Another benefit of buying bulk foods is that most of the time, I’m able to buy foods in their most basic form. Dried foods such as beans, wheat berries (instead of flour) are just the dried version of what is grown on a farm, and have fewer preservatives and higher nutritional value than if you were to purchase the pre-processed, or canned version of that same item. 

One final benefit of this (though I’m sure there are others), is that we actually reduce the amount of packaging and waste by buying bulk items and storing them in re-usable containers at home! This is a great sustainable way to grocery shop and reduce your food packaging footprint. 🙂 

So where can you buy bulk foods? It depends on the area you live in, but I would look for any grocery store nearby that has a bulk section. We live in California, so for us that would be WinCo, Sprouts or Costco. I look specifically for grocery stores with a bulk bin section since that allows me to get exactly the quantity I want, not just “bulk” pre-packaged foods.

Practice #2 – MEAL PLANNING

The second practice I’ve started implementing is thoughtful, monthly meal planning. This may sound tedious, but let me tell you – IT IS SO WORTH IT! Spending a few hours in one afternoon to meal plan for the month can not only help you make fewer trips to the grocery store, but it can also reduce your grocery bill significantly and help you to waste less food by using up items that you already have!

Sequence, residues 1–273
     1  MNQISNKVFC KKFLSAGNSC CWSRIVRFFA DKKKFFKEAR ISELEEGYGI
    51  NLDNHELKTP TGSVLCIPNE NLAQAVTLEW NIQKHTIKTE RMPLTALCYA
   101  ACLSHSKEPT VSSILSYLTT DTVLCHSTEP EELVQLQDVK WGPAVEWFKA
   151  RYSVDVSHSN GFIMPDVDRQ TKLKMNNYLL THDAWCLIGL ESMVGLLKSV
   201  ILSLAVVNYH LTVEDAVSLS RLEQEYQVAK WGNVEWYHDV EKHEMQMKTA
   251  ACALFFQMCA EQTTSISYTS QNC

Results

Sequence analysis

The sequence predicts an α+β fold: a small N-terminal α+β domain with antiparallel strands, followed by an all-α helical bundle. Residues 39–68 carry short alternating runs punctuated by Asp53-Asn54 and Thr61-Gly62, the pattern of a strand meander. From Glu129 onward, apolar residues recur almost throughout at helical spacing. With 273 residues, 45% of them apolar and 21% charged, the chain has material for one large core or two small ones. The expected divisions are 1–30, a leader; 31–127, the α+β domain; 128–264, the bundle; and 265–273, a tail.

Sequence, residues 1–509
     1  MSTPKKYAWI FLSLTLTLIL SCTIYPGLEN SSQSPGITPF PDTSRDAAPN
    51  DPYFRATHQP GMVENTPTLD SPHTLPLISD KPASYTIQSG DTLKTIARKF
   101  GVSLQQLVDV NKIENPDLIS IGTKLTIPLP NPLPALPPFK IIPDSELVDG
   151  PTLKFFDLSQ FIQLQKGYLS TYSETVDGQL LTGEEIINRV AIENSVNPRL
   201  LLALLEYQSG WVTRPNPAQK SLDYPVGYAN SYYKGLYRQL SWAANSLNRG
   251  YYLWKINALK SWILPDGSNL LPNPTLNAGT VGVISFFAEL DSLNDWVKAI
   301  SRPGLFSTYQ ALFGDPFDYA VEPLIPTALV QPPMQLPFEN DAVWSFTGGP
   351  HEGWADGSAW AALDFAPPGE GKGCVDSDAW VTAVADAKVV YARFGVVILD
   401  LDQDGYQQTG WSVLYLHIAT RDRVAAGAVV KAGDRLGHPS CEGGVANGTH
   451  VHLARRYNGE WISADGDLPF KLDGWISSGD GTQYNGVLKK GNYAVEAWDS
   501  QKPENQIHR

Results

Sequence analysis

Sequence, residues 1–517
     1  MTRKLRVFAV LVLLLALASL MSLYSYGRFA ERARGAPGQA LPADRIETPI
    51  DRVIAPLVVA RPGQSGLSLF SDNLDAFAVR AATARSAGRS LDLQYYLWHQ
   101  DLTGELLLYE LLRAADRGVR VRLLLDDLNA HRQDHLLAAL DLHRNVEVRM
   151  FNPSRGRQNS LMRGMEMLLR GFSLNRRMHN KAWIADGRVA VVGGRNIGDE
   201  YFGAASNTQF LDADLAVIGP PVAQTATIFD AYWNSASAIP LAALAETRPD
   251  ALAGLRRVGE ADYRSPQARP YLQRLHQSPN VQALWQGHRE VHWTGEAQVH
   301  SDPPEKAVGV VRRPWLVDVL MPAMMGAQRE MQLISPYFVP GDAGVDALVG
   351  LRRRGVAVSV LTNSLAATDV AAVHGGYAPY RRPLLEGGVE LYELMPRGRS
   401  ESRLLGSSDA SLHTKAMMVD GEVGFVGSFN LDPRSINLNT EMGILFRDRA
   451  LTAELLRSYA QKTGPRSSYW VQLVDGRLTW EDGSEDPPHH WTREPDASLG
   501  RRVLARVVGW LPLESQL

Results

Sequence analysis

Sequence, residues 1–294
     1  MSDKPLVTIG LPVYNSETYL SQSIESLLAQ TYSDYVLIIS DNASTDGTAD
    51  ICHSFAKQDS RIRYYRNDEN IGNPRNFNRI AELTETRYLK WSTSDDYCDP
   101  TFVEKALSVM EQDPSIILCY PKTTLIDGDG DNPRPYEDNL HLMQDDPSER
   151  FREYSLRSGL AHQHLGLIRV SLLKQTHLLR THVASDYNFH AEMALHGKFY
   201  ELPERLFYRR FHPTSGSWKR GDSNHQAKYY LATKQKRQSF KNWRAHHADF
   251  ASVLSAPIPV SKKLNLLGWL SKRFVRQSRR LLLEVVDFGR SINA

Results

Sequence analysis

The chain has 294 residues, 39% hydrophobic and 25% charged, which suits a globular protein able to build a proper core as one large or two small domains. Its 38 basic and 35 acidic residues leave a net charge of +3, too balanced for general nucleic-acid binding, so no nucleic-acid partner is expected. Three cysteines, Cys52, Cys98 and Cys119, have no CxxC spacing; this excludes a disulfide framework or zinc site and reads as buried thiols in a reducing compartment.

Even if you don’t have time to do this for each month, you can still implement the same practices below into your weekly meal plan, and even doing that will help you to be less wasteful in your grocery shopping by only purchasing the ingredients that you truly need to make meals for the week! So let’s start. 

Step #1 – make a list of all of the staple meal items that you currently have. I would recommend making a list of starches/carbs and a separate list of meat items. If you don’t have any stored meat already that needs to be used up, then I would recommend thinking about a few different types of meats that you would like to use in the next month. Once this is done, write out as many dinner food items that you can think of, using those staple food items. 

See below for an example of how to do this with meat staple items:  

MEAT ITEM: Recipes I can make with this: 
Whole ChickenRoasted chicken, enchiladas, Chicken curry, chicken pad thai, etc. 
Ground Beef Hamburgers, Fajitas, Lasagna, Spaghetti w/ homemade meatballs, Chili, etc. 
Italian Sausage Lasagna, Homemade Pizza, Favorite Toscana soup, Hot bratwurst sandwich etc.